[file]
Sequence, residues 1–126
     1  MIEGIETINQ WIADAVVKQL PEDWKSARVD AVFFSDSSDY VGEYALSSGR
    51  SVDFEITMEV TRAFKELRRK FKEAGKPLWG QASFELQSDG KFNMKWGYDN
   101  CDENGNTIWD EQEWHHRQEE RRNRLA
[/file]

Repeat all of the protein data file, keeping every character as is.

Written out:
Sequence, residues 1–126
     1  MIEGIETINQ WIADAVVKQL PEDWKSARVD AVFFSDSSDY VGEYALSSGR
    51  SVDFEITMEV TRAFKELRRK FKEAGKPLWG QASFELQSDG KFNMKWGYDN
   101  CDENGNTIWD EQEWHHRQEE RRNRLA